We spoke to Karen Clarke of the Sexual Assault Centre on August 4, 1987. She reports that she and Corporal Marv Hanson visited Michael in the foster home. Michael refused to talk about the incident of sexual play with his sister. He behaved as if he thought he was in a lot of trouble and tried to distract them from the issue. Michael indicated that he had never been sexually assaulted by anyone himself, although in the foster home he had spoken of being taught how to do these things by an old man. In fact, the Ross family have an elderly friend who was recently charged with sexual assault of another child.
We also spoke to the READY staff at MacNeill Clinic during Michael's time in their program. They described him as reluctant to participate, isolating himself from other children, and wanting attention from adults, particularly women. He sucks his thumb and curls up, which causes the other children to pick on him. He can be stubborn and angry in an attention-getting manner.
(Third page on actual report)
We met briefly with Michael's foster mother, Anita Klassen, on August 4, 1987, and then had two sessions with Michael, August 4 and August 11, 1987. We did not meet with the two sisters, as they had medical and psychological assessments at the Alvin Buckwold Centre in July. Anita is a young woman he seems to understand and accept the children's needs for affection and structure. She has found Michael hard to deal with because he refuses to obey, constantly fights with peers, and wanders off, once starting a truck which had the keys in the ignition. Michael can play independently, coloring or with Lego, but has a short attention span. He does play with her son, Trevor. Anita describes Michael as wanting to be a girl, choosing high heels and women's clothes to put on at the playground. According to Anita her husband is disappointed in Michael, because he is more interested in women. Michael sleeps poorly at night. Anita describes aggressive behavior, such as stepping on the cat's head, and pulling others' hair. She does not see herself keeping Michael on a long-term basis.
Anita's principal concern is Michael's behavior of touching girls. After the initial incident with his sister, Kathy, he again initiated sexual touching with her in April, and with another girl in the neighborhood in June. He also took his pants down a couple of times with other children, the last time being in June. Anita has told him this behavior is unacceptable.
Michael is a blonde, gap-toothed boy, who came readily with his worker, taking my hand. He explored the toys and asked me to play with him, building a house together. He soon wandered from this activity to the window. When we asked Michael about being placed, he stated his father can't keep him because he's on holiday. He said his mother does not want to live with his father, but didn't elaborate. When we asked Michael what each of his parents is like, he responded literally, describing what they like to do. Michael described himself "play-fighting" with other boys. His three wishes were: that the "thundercats" would take him home, that superman would take him on his back to the waterslide, and that he could have a spiderman suit. Michael interrupted the session to make a lengthy visit to the washroom. Then he played happily with the puppets, taking the roll of the parents, who frequently spanked the children, especially the boy. Michael stated that he wants to be married and be a father when he grows up. Michael made a drawing of his foster family, and natural family, at our request. He drew heads without bodies, and described himself as closest to the cat in the foster home.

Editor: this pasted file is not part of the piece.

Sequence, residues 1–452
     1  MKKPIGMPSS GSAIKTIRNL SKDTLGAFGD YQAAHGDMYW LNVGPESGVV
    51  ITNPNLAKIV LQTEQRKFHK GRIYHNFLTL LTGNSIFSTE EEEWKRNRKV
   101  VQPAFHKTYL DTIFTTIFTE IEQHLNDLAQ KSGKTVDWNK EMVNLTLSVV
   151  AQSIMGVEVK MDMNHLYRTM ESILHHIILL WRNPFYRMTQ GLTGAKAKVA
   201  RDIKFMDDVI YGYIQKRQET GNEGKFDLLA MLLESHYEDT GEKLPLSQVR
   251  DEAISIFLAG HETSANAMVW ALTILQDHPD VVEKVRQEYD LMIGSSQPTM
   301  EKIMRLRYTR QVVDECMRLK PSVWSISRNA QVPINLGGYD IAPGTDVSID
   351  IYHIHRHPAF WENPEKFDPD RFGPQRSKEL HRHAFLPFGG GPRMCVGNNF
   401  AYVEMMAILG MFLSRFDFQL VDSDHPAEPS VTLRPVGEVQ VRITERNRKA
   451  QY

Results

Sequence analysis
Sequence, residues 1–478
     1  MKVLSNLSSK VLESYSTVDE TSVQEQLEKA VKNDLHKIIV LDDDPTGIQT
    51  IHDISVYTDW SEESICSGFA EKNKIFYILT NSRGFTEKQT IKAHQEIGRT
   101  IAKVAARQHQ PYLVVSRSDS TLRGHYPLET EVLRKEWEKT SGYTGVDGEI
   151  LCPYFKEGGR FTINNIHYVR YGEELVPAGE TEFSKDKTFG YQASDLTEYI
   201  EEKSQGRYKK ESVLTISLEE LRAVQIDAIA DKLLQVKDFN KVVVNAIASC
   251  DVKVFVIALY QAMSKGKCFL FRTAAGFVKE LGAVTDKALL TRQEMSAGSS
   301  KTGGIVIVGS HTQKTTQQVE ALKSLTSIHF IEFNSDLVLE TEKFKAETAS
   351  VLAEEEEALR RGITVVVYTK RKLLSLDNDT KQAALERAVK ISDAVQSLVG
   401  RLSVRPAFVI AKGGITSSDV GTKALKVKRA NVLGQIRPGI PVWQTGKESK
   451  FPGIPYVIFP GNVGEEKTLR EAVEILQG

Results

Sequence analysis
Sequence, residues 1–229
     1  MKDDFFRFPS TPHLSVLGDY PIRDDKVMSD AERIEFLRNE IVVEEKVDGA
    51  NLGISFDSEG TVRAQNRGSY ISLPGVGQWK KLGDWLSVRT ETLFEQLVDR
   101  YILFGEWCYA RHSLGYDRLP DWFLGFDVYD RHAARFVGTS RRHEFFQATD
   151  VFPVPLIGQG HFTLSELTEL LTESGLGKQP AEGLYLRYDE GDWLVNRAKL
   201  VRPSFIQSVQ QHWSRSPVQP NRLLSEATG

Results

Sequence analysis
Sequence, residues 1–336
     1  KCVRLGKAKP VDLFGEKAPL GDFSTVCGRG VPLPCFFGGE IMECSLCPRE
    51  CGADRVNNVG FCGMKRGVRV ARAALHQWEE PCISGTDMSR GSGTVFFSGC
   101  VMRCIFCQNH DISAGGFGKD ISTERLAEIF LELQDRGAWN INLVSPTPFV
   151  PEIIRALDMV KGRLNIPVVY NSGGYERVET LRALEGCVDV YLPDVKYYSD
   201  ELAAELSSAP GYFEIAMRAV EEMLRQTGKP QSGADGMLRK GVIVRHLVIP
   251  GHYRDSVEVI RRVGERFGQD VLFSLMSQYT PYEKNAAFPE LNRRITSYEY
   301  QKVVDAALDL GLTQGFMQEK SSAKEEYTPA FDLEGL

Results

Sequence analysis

We asked Michael if he ever felt bad or sad, and he reacted as if he were being blamed for something. When we pursued this more concretely, asking if he sometimes cries, Michael spoke with some excitement of his sister pulling down his pants, but denied that he does this. He knows that some things are wrong to do, when you are told not to do them. Michael was anxious about Anita leaving the Clinic during our session. After the session, he asked if he could come in every Tuesday.
In the second session, Michael was highly anxious, possibly related to discussions about where he will live. He played at being this worker and again used the puppets to play at being a family. Michael told us he can't sleep because he has bad dreams but wouldn't elaborate. He said later he has a ghost inside him which tells him to go to bed. We told Michael that sometimes fathers and mothers can't take care of their children, just like his mother and father, because they have troubles, but that is not because the children are bad. In this session, Michael took a plant and placed it inside a cabinet, saying it is dead.
(Fourth page on actual report)
This six year old boy seems to be reacting to an unreliable and neglectful family, and to his recent removal from the family, together with ongoing uncertainty about who is committed to him. It is likely, but not confirmed, that he was sexually abused by a family friend. The lack of appropriate structure, of auditory and play stimulation in the home, have contributed to developmental, particularly language, delay. This delay has responded well to speech therapy. Michael has characteristics of inattention, impulsivity, and hyperactivity. His aggression towards peers and disruptive behavior, may be his attempt to evoke the structure he needs. His current high level of anxiety may be related to his continuing uncertainty about who is committed to take care of him. Given this uncertainty, it is difficult to evaluate his functioning. Michael actively seeks to relate, is curious and able to play. His peer relationships are hindered by his aggression and anxiety. Sexual anxiety also seems present and may hinder his capacity to remain involved with others and with tasks. His disruptive behavior may also be depressive equivalents.
The family history seems to indicate ongoing parental difficulties in caring for their children. We would recommend a long-term, stable family placement for Michael, as he seems to have the capacities to benefit from this. He needs mature foster parents who can devote considerable time to Michael, in view of his developmental and emotional difficulties.
Diagnosis: 309.30 - Adjustment Disorder with Disturbance of Conduct R/O - Attention Deficit Disorder
We will consult with Michael's school teacher and MacNeill Clinic psychiatrist, Dr. Prat Reebye, to clarify whether Michael does indeed have an Attention Deficit Disorder or could benefit from medication.
We have met with the foster mother to discuss our assessment, and remain available to her for consultation, as needed.
We have discussed our assessment by phone, August 17, 1987, with Social Services Worker, Anita Grosse.
(Mrs) Margeret Graham-Woloshyn, M.S.W. Social Service Worker
c.c. Anita Grosse, Social Services, Saskatoon